Definitions of Investment and Stock Market Terms

Please refer to the basic stock market terms here.

The definitions here expand and augment the list referenced above. These definitions are of interest to intermediate and advanced readers, specially for practicing investors in the stock market. We go into sufficient detail necessary to make the concept clear, and give examples where necessary.

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B

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D

E

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I

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M

N

O

P

Q

R

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T

U

V

W

X, Y

Z

P/E Ratio Definition

What is P/E Ratio? P/E Ratio is one of the most common valuation metric used to identify stocks attractively priced for investment. As the name implies, the Price/Earnings Ratio is simply the price of the stock divided by the earnings per share as reported by the company. Most commonly, the last 12 months of eps… [Read More]

Interest Coverage

Interest coverage ratio measures a company’s ability to pay the interest on its outstanding debt. A high ratio means that the company will have no trouble paying the interest expense, while a low ratio indicates a potential default on the loan payments. Lenders and creditors use this ratio to determine if they would be willing… [Read More]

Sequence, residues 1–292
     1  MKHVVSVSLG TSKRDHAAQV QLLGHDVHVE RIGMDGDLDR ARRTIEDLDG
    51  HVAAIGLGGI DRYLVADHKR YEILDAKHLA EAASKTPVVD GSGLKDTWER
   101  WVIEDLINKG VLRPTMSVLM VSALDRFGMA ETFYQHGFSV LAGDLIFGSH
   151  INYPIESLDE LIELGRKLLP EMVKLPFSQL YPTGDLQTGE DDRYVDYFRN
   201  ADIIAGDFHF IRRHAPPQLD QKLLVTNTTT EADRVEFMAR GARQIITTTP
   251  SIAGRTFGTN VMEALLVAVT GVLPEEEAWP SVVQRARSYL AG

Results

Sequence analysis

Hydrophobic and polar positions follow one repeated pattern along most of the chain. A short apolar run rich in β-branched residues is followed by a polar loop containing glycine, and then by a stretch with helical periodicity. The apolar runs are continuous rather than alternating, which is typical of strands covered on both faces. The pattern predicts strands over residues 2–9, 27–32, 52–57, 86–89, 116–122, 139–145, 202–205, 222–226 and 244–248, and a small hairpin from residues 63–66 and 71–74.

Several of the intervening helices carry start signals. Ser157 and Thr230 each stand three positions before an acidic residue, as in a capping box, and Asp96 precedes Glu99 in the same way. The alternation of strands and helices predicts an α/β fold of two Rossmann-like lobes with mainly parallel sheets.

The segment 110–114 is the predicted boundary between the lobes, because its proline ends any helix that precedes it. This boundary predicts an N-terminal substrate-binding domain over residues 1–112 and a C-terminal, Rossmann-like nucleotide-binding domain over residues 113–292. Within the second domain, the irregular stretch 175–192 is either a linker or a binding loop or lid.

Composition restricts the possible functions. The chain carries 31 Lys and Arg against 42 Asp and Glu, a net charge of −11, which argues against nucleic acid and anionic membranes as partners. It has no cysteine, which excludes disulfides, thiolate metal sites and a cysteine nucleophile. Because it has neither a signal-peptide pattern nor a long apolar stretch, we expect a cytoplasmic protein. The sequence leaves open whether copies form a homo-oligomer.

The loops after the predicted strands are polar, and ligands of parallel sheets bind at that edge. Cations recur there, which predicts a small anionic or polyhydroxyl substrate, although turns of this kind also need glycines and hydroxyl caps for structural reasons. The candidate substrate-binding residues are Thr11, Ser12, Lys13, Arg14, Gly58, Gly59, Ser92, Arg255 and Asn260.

Financial Ratios

Financial ratios allow an analyst to quickly analyze a business and its operations and understand the financial situation of a company. These ratios answer many different kinds of questions that can be asked about a business performance. Normally, many of these ratios need to be understood in the context of a benchmark, such as, past… [Read More]

What is Book Value Per Share

What is Book Value per Share Book value per share is simply (Common Stockholder’s Equity / Number of Shares of Common Stock) If there are no preferred shares outstanding, Total Stockholder’s Equity can be used in place of Common Stockholder’s Equity. The Balance Sheet is expressed as the following: Assets = Liabilities + Equity Therefore,… [Read More]

January Effect Definition

The January Effect is named after an observation made in 1942 by banker Sydney Wachtel. He noted that small stocks have tended to outperform the market in the month of January since 1925. The hypothesis rests on the belief that in December stocks tend to decline as investors sell off their losing positions to harvest… [Read More]